Thursday, May 24, 2012

Thomas Learns to Ride!

We hit a milestone yesterday!

Thomas has been riding his bike with training wheels for the past year or so.  Using his wishes as guidance, we've tried adjusting his training wheels and even taking his training wheels off a couple of times over the past few months to allow him to learn how to ride, and each time he has gotten frustrated and wanted them back on.  I had resigned myself to the expectation that one of his uncles or a friend of mine was going to have to teach him how to ride his bicycle.

That is, until yesterday.

Thomas's school, Providence Christian Academy, had basically a "play day" for the preschoolers where everybody brought their bikes to school and rode around in the parking lot.  I watched Thomas as he rode his own bike for a few minutes, and watched him as he looked at the other kids, some of whom were still using training wheels and some of whom were not.

One of his friends (named Josh) was not using his bike at the time.  I watched my son get on his friend's bike and start to ride.  This bike was the exact same model as Thomas's -- a Huffy, probably purchased at Wal-Mart like Thomas's -- but this one didn't have training wheels on it.  I watched my son start to pedal that bike, wobbly at first, but quickly gaining momentum.  My eyes filled with tears as I watched him take off on that bike and begin to ride it with no problems whatsoever.

I turned to one of the dads who was there watching his daughter and told him, "The training wheels are coming off!"  I grabbed a wrench from my father-in-law who came to watch as well, and quickly took the training wheels off Thomas's bike.

I called out encouragement to Thomas.  I ran after him, trying to video him using Sarah's cellphone (mine had died).  He knocked into someone and fell off, and his friend Josh came over and reclaimed his bike.  I asked Thomas if he wanted to ride his own bike now.  He didn't.  "I fell off mine," he reminded me, as if to say his own bike was tainted with failure.  "I want one like Josh's."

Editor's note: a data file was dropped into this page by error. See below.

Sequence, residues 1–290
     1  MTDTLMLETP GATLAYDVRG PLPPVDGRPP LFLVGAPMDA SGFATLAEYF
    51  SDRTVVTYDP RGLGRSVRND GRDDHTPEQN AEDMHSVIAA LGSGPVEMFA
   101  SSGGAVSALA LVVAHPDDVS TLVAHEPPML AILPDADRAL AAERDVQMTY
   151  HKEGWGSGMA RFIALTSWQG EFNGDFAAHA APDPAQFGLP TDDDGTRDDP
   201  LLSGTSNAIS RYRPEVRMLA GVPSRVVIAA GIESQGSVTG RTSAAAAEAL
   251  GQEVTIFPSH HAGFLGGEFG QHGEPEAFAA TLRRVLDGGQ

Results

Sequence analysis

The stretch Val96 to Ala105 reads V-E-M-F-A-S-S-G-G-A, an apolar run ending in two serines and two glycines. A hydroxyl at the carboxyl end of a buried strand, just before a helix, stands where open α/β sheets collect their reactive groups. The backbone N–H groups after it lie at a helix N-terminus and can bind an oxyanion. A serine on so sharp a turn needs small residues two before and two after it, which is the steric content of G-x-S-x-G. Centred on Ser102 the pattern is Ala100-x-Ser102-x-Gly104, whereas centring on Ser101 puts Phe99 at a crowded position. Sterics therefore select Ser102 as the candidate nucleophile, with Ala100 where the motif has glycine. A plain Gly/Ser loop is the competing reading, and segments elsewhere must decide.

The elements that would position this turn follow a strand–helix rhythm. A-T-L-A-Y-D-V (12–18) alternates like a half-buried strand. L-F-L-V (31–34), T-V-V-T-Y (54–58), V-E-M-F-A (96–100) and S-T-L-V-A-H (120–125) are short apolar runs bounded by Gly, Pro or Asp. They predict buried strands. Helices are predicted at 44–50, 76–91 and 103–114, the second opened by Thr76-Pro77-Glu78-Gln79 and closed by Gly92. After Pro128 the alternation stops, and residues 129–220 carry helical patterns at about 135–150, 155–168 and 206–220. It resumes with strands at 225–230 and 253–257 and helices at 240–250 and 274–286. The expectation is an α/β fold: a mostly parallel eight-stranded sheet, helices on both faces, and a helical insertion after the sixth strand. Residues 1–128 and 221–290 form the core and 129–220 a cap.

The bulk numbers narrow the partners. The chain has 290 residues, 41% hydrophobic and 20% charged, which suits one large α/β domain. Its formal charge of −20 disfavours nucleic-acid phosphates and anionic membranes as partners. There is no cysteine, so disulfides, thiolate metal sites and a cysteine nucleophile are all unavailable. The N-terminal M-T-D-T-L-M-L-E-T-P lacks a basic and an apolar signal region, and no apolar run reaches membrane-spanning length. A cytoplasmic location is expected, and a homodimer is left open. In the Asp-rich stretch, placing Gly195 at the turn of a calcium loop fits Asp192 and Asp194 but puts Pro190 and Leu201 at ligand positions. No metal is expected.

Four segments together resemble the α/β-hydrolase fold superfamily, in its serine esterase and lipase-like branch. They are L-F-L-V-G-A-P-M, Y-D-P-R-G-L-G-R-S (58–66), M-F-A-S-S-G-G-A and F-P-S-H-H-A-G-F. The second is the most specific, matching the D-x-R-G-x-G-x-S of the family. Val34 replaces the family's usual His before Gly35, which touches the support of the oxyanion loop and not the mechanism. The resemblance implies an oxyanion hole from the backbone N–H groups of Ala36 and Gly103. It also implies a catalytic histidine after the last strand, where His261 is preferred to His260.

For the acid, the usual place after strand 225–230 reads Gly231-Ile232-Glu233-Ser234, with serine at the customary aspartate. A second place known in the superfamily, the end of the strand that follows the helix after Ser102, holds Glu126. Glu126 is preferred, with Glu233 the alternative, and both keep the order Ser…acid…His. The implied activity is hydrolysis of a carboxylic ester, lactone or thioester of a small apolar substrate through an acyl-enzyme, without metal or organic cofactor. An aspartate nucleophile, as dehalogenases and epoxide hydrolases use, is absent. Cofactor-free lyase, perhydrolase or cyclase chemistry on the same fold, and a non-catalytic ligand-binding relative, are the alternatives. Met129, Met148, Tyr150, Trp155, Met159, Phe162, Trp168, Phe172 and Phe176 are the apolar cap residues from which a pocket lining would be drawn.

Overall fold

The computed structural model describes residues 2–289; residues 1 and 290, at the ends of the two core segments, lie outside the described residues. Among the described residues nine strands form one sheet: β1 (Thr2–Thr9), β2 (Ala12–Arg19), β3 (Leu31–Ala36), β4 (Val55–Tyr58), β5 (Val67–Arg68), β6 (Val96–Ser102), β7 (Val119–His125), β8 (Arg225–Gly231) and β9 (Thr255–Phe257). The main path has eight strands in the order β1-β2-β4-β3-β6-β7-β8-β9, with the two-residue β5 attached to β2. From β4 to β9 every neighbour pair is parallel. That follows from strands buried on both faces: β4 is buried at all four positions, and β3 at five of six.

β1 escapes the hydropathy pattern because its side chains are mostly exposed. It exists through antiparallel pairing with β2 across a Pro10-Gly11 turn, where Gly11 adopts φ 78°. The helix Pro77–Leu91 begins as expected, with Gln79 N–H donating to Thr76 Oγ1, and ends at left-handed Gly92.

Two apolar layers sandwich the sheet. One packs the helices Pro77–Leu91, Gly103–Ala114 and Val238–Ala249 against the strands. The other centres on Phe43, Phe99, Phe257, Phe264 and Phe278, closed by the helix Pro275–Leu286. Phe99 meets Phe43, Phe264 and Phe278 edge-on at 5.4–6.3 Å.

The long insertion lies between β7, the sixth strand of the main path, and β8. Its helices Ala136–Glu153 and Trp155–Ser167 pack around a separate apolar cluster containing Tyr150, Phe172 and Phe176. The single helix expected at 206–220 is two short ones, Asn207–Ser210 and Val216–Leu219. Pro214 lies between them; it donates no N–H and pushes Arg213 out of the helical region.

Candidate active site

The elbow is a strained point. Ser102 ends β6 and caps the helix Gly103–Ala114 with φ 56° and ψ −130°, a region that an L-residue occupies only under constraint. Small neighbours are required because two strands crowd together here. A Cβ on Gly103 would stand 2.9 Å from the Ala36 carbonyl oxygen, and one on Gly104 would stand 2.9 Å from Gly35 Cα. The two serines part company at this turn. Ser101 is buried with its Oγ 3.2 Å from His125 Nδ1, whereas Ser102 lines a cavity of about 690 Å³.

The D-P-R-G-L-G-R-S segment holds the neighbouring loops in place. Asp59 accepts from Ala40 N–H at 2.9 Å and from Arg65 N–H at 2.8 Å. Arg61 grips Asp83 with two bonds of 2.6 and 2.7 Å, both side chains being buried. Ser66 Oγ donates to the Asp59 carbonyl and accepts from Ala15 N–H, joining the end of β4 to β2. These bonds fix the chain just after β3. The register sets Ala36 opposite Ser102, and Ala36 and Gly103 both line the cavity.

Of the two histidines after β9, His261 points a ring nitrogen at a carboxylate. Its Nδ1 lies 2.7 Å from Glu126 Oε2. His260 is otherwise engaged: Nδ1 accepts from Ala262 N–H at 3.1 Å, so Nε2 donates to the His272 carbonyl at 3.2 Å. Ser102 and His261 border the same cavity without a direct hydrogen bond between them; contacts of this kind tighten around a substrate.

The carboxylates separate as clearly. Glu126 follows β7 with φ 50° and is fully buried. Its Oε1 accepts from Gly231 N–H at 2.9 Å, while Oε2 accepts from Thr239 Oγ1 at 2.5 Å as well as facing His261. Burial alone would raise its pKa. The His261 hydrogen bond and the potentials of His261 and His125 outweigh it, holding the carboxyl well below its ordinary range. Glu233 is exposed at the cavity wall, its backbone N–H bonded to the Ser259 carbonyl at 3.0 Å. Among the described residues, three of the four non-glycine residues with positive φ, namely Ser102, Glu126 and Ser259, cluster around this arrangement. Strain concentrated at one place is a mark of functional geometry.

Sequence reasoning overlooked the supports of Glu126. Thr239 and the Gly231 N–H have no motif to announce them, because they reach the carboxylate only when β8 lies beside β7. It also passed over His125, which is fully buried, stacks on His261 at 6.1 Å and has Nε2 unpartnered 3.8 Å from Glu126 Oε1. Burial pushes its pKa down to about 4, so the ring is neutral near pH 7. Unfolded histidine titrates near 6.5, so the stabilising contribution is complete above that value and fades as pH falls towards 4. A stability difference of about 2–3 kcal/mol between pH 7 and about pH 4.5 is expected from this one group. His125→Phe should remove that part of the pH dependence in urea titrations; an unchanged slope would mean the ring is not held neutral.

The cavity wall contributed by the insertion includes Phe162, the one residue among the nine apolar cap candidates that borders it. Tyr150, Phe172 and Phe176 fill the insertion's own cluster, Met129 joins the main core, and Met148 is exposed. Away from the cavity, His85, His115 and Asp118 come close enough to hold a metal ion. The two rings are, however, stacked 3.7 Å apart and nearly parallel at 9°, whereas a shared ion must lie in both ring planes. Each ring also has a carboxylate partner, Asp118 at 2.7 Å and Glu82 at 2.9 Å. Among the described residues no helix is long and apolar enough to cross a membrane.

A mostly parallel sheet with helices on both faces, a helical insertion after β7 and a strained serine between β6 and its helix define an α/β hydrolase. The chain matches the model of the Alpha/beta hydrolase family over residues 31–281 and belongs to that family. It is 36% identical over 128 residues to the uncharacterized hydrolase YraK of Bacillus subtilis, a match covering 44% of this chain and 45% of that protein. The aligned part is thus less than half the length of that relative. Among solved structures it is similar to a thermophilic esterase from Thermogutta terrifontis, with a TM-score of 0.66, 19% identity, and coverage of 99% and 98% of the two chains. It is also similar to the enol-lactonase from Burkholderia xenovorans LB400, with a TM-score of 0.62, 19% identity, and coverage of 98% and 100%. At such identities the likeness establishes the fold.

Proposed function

I knelt down and had Thomas look me in the eyes.  "Thomas," I said, "Your bike is the same as his."

Sometimes my son doesn't believe me when I tell him things like this.  This time, he did.

His eyes got as big as saucers.  He stepped over to his own bike, hopped on, and began to pedal away just like he did with Josh's.  "It is like his!" he shouted.  "I can balance it!"

Something snapped in my son's mind that day.  Something switched in his heart.  And many changes keep happening in my own heart, too, as I engage my family and watch them grow.  I can't help but think if I had pestered Thomas about riding his bike and tried to get him to do it on my terms, in my timing, I would have missed watching him jump on a bike and learn to ride it without his dad's help.  I'm so glad I didn't miss that.